Keil Hubert: Ladies of the Evening

Keil Hubert: Ladies of the Evening

Managing people in real life is markedly different from how it appears on television. Business Technology’s resident U.S. blogger Keil Hubert discusses how easy it is to make dreadful mistakes when it comes to judging people by the rules unique to the telly.

I only just discovered Colin Dexter’s Inspector Morse mysteries this year when my DVR accidentally recorded 2012’s one-off origin story EndeavourThat got me interested enough in the character and the setting to add all of the old television specials to my Netflix queue. Watching those, in turn, led me to the Lewis series of mysteries, which led inexorably to me hunting down Mr Dexter’s original novels. [1] I’ve been enjoying the heck out of them, even though they occasionally leave me confused over snippets of English dialogue that don’t translate directly to American pseudo-English. [2]

Night before last, I Netflixed [3] the last of the DVDs from Lewis, season 6, that featured two episodes that I’d managed to capture on my DVR earlier in the year. I’d seen them both, but the rest of my family hadn’t, so I cheerfully (perhaps smugly) re-watched the mysteries with Theresa and my boys after dinner. In episode 4, The Indelible Stain, there’s a scene where Laurence Fox’scharacter happens to notice a copy of Dickens’ A Tale of Two Cities in a suspect’s office. Both characters remark on how much they appreciate the book, and then move along to a question regarding the murder inquiry. The book seems (at the time) to be incidental to everything.

After the episode finished, I used that scene as an example of the ‘economy of necessity’ in screenwriting for the benefit of my youngest son. Essentially, I told him, the director of a television show is rigidly constrained to an absolute number of minutes in telling his or her story. The editor has to be meticulous and only include scenes and shots in the final, televised version that actually contribute to the story. A movie or a novel can afford to linger on an inconsequential scene; a television editor usually can’t, especially in a complex story that features dozens of locations, encounters, and characters. We also talked about Anton Chekov’s dramatic principle:Remove everything that has no relevance to the story. If you say in the first chapter that there is a rifle hanging on the wall, in the second or third chapter it absolutely must go off. If it’s not going to be fired, it shouldn’t be hanging there’ and applied that aphorism to DS Hathoway’s seemingly-meaningless discovery of the book in the Lewis mystery. As a viewer, I explained, we have to assume that the book has something to do with the story, somehow, and should therefore pay attention to it, simply because the director chose to leave that scene in the episode.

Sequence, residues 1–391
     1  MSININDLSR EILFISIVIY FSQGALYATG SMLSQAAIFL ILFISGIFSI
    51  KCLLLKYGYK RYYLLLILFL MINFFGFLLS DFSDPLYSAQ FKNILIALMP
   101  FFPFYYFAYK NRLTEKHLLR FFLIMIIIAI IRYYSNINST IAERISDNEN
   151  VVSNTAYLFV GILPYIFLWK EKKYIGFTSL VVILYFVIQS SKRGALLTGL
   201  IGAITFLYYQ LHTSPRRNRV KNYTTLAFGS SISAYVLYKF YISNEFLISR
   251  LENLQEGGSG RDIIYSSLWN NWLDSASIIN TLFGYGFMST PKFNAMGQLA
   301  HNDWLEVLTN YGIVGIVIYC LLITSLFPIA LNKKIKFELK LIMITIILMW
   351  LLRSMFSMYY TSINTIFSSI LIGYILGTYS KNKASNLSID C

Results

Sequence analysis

After the rest of the family went to bed, I got to thinking about the ‘economy of necessity’ maxim and how badly it skews people’s thinking in real life. Maybe this isn’t as big an issue in Europe as it is here in the USA; here, I’ve found that it’s a bloody headache. Many people in the places that I’ve worked were raised on television back in the 70s, 80s and 90s, and subconsciously imprinted some general expectations for how the world works from the rules of how television programmes are constructed. Two crippling beliefs that frequently lead people to incorrect conclusions are (a) that the meaning of an encounter can be accurately understood using only what’s in one’s immediate field of vision, and (b) that the nouns (people, objects, locations) appearing ‘on stage’ in a given encounter will tell you the complete story of what’s happening in the scene. That works fine when watching television; it doesn’t work most of the time in the real world when you’re dealing with real people.

To illustrate my argument, I offer two nearly identical tales that had diametrically different meanings. Both stories involved young women who brought their offspring with them to work late at night. At first glance, both events were exactly alike: a manager from a different department discovered the employee working in the data centre, with a child present, and called the responsible senior manager (me) at home to complain. In both incidents, children were expressly not allowed in the workplace. Even though both reports and their peripheral circumstances were essentially identical, I disciplined one worker and defended the other. Here’s why: